Eugene Rasmusson, a member of the National Academy of Engineering and a University of Maryland research professor emeritus of atmospheric and oceanic science, is best known for his pioneering study of the observed structure of ocean-atmosphere variations in the tropical Pacific that underpin what is now popularly known as El Niño – a recurrent pattern of year-to-year climate variability centered in the tropical Pacific that affects climate, marine organisms, agricultural production and financial markets throughout much of the world.
Rasmusson’s robust characterization of the evolution of the ocean-atmosphere surface state during the life cycle of El Niño events, based on sparse observational datasets available 30 years ago, set the stage for a major breakthrough in our understanding of the mechanisms that give rise to El Niño events. Modeling of El Niño is a key element in the seasonal hydroclimate forecasts issued by the National Oceanic and Atmospheric Administration (NOAA).
Rasmusson’s skills in gleaning important coherent information from scanty observations were honed during his doctoral studies at the Massachusetts Institute of Technology (MIT), under Victor Starr. His seminal analysis of the atmospheric hydrologic cycle over North America was at the intersections of meteorology, atmospheric general circulation, and land-surface hydrology. He was an interdisciplinary scientist long before it was fashionable or necessary to be one. His description of atmospheric transport of water vapor into regions of heavy rainfall presaged contemporary field programs such as the Global Water and Energy Exchanges Project.
Rasmusson started his professional career at NOAA’s Geophysical Fluid Dynamics Laboratory in Princeton, where he and colleague, Abraham Oort, compiled and analyzed the post-war upper-air meteorological observations, providing climate scientists unprecedented access to this dataset through tables, charts, and microfiche archives, all published as NOAA technical reports. The Oort-Rasmusson data atlases were no less important than the leading textbooks in graduate training and research on atmospheric general circulation and the hydrologic cycle. Rasmusson moved to the Washington, D.C. area in 1970 and continued working for NOAA until 1986; his last appointment was as chief of the Diagnostic Branch of NOAA’s Climate Analysis Center. He joined the University of Maryland in 1986 as a senior research associate in the Department of Atmospheric and Oceanic Science (then Department of Meteorology). He was appointed research professor, with an emeritus rank in 2000. During his years at the University of Maryland he played an important role in fostering the growth of the department.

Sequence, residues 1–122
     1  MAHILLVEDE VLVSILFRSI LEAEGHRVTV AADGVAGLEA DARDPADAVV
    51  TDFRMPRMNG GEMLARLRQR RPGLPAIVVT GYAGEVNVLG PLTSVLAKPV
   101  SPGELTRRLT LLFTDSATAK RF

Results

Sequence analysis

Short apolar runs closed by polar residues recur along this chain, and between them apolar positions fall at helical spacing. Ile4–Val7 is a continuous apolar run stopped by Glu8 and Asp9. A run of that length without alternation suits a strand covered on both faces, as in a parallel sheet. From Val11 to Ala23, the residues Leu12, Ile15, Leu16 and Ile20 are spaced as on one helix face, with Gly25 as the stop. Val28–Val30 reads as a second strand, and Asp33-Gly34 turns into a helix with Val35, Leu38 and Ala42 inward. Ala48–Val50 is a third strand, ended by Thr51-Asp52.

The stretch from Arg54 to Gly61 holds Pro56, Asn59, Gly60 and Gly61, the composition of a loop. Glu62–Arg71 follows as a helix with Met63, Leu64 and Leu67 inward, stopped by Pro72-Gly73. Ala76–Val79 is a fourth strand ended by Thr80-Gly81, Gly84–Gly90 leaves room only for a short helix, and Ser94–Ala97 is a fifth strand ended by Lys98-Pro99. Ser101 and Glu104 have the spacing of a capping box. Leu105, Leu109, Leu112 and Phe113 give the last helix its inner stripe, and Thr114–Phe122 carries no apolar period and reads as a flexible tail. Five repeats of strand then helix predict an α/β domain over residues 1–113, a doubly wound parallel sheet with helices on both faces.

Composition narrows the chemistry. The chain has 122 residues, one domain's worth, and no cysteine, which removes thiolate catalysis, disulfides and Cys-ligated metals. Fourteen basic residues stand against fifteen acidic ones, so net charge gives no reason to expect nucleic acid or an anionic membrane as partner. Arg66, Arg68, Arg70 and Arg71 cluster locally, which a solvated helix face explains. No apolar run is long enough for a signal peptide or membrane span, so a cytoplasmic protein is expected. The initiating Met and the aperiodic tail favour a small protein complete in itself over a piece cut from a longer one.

Rasmusson was born in Lindsborg, Kansas on February 27, 1929. Gene grew up on a family farm and retained vivid memories of his first decade of life that coincided with the wrenching depression, drought, and the Dust Bowl conditions of the 1930s. The catastrophic climate events that he witnessed first-hand played a role in stimulating his interest in meteorology, and his farm experiences frequently colored his lectures. Rasmusson earned a B.S. in civil engineering in 1953 from Kansas State University, an M.S. in engineering mechanics in 1963 from St. Louis University, and a Ph.D. in meteorology in 1966 from MIT.
Rasmusson was honored with the Victor Starr Lectureship at MIT, the George Benton Lectureship at Johns Hopkins, and the Robert Horton Lectureship at the American Meteorological Society (AMS). He received the Jule Charney award from the AMS in 1989. He was a Fellow of the AMS, American Geophysical Union, and the American Association for Advancement of Science, and was elected a member of the National Academy of Engineering in 1999, and a National Associate of the National Academy of Sciences in 2003.
Rasmusson’s community leadership as AMS President (in 1998) and his scientific leadership at the National Research Council (including as Climate Research Committee Chair from 2000-2002) and NOAA has advanced climate monitoring, analysis, and prediction activities. The American Meteorological Society honored him with a named symposium in 2007, and University of Maryland’s Department of Atmospheric and Oceanic Science launched The Eugene Rasmusson Lectures in his honor in 2011.
Eugene M. Rasmusson died suddenly at his home in Asbury Village, Gaithersburg, Md. on March 22, 2015, with his wife of 54 years, Georgene, by his side. He is survived by his wife and four daughters Mary Rasmusson of Oak Park, Ill.; Ruth Anne Rasmusson of Guatemala City, Guatemala; Elizabeth Zehner of Bethesda, Md., and Kristin Vignaroli of Riverside, Ill.; and six grandchildren.
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